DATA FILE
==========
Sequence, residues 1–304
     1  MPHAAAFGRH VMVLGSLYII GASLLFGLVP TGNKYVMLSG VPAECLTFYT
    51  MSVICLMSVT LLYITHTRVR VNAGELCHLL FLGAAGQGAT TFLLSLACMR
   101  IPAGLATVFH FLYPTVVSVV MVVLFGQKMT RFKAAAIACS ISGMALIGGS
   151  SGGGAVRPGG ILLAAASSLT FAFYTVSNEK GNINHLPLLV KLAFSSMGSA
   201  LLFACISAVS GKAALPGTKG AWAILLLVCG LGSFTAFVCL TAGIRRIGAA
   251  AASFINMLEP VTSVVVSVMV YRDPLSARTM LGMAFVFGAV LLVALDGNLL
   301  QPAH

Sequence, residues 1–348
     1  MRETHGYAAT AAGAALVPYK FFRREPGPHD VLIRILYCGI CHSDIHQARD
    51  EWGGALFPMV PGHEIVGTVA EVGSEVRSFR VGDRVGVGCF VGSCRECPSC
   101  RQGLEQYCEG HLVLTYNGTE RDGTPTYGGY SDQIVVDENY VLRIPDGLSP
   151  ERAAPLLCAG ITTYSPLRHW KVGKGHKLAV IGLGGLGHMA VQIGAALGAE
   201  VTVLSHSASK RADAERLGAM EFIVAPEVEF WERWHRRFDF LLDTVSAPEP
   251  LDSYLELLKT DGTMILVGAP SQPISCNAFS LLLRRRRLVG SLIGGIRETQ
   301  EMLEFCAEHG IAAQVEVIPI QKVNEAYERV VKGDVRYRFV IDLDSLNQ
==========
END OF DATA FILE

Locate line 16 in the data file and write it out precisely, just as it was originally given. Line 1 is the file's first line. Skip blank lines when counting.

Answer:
   301  EMLEFCAEHG IAAQVEVIPI QKVNEAYERV VKGDVRYRFV IDLDSLNQ